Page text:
from The American Heritage® Dictionary of the English Language, 4th Edition
- White, Andrew Dickson 1832-1918. American educator and diplomat who founded Cornell University with Ezra Cornell and was its first president (1868-1885). He also served as U.S. ambassador to Germany (1897-1902).
- White, Byron Raymond 1917-2002. American jurist who served as an associate justice of the U.S. Supreme Court (1962-1993).
- White, Edward Douglass 1845-1921. American jurist who served as an associate justice (1894-1910) and the chief justice (1910-1921) of the U.S. Supreme Court.
- White, E(lwyn) B(rooks) 1899-1985. American writer and humorist who contributed essays, editorials, and parodies to the New Yorker. He also wrote children's books, including Charlotte's Web (1952), and revised a 1918 writing manual, The Elements of Style (1959).
- White, Patrick 1912-1990. Australian writer whose powerfully descriptive and original novels include The Tree of Man (1955) and Voss (1957). He won the 1973 Nobel Prize for literature.
- White, Stanford 1853-1906. American architect. A member of the prominent architectural firm McKim, Mead & White, he was particularly known for his interior designs and his ornate, eclectic buildings.
- White, T(erence) H(anbury) 1906-1964. British writer best known for the novel The Once and Future King (1958), a retelling of the Arthurian legend.
- White, T(heodore) H(arold) 1915-1986. American political journalist noted for his commentaries on presidential elections, including The Making of the President 1960 (1961).
- White, William Allen 1868-1944. American newspaper editor and writer noted for his politically influential editorials and for his autobiography (1946).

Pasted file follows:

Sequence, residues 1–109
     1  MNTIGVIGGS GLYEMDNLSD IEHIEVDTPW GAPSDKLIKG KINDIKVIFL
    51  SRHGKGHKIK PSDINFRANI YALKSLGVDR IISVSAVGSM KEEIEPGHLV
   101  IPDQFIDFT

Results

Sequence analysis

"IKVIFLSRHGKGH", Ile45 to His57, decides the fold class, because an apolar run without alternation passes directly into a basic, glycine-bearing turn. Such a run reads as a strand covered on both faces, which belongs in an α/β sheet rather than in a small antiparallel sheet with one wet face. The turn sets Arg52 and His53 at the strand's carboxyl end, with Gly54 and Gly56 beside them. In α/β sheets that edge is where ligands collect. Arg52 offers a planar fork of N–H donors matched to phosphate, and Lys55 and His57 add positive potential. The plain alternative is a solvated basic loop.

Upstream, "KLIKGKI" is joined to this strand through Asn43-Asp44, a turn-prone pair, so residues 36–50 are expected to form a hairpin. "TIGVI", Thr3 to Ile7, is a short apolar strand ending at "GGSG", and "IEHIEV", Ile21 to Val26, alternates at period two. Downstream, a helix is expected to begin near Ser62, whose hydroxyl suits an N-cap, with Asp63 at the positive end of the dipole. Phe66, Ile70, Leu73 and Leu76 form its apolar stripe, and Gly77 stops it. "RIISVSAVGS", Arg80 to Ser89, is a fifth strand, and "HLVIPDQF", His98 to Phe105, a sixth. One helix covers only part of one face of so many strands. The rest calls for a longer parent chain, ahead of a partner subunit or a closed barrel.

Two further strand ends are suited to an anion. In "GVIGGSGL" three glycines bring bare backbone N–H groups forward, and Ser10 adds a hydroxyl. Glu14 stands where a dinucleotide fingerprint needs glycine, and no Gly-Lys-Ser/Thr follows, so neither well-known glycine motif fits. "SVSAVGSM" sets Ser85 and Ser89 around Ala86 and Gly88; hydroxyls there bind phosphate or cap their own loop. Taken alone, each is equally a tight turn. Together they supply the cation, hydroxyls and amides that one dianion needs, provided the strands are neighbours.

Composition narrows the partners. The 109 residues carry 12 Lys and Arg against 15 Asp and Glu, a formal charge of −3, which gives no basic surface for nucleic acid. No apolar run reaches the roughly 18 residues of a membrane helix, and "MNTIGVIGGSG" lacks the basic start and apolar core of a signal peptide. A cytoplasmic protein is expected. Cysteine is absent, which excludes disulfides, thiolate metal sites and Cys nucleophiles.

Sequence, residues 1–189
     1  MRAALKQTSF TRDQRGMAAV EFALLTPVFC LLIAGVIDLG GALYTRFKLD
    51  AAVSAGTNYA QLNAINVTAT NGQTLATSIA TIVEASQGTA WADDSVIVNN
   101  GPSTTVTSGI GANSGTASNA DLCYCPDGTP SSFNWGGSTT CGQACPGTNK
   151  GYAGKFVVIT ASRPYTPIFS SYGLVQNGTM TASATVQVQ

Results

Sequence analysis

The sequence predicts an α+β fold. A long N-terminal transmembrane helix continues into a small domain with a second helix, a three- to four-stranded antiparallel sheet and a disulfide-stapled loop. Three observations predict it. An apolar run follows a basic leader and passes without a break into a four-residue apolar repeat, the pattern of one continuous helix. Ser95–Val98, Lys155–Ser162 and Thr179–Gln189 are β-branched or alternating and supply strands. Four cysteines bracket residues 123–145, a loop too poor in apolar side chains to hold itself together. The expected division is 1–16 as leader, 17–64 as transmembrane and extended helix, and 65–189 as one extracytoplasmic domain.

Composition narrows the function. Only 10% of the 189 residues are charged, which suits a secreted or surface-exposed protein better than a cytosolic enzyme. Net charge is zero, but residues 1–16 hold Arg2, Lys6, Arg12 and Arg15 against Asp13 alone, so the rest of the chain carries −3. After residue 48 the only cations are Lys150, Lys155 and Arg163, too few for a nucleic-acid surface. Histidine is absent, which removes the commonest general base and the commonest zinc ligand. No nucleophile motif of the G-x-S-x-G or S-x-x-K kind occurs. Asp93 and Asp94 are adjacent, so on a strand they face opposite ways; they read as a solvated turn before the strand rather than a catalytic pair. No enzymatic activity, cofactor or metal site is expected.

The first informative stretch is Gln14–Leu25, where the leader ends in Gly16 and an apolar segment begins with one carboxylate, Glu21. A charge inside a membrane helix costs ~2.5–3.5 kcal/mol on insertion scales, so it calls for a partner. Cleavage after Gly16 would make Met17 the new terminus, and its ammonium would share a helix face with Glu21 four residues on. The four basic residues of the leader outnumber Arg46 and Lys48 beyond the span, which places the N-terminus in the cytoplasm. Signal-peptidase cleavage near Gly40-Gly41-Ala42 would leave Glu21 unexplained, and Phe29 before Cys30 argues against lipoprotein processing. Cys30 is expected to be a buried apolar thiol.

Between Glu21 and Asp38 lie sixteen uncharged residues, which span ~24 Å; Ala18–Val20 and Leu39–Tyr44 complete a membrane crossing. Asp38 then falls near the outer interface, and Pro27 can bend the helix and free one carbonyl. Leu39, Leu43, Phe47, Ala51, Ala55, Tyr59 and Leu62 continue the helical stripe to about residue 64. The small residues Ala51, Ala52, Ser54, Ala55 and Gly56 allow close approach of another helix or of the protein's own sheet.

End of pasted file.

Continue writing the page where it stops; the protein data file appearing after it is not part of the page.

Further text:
from Wiktionary, Creative Commons Attribution/Share-Alike License
- proper n. A surname, derived from the common noun white.
Sorry, no etymologies found.
Bar employee Bryan White told police that once outside, Benson complained that "all these white boys are ganging up on me and kicking me out," then punched White in the face.
What would happen if Hillary started asking white people to vote for her because she is White?
He's come close to fulfilling his pledge to appoint a cabinet that "looks like America"; and Clinton watchers rate the odds of another white male's replacing Byron (Whizzer) White on the Supreme Court as only slightly higher than White's replacing Emmitt Smith on the Dallas Cowboys.
While some Republican white evangelicals swung to vote Democratic in the 2006 midterm elections, at the same time, the Christian right brought a large number of evangelicals, Black and White, to the polls.
Dawkins, whose showboating Philadelphia 76ers lost to Bill Walton's Portland Trailblazers in an epic 1977 NBA Finals confrontation between the black and white games, now says, "The black game by itself is too chaotic and much too selfish… White culture places more of a premium on winning, and less on self-indulgent preening and chest-beating."
Adriatic is the most commonly grown white fig. Among the other varieties are California Black or Mission Fig, Brown Ischia, Brown Turkey, White
Petticoat, a plain muslin Apron, a suit of plain Pinners & a red & white flower'd knot, also a pair of green Stone Earrings with White
It is from the same root as _izlac_, white, with the local ending _tlan_, and means the White or Bright Land.
All their lances are painted of divers colours, blue and white, green and White, and most part blood-red -- so there is as great preparation for a triumph as for war.
Louisiana - the so-called Jena 6 who were charged with the attempted murder of a white teen before the charges were thrown out or reduced - White wrote of finding out where they live and someone who would be willing to deliver justice,'' according to testimony.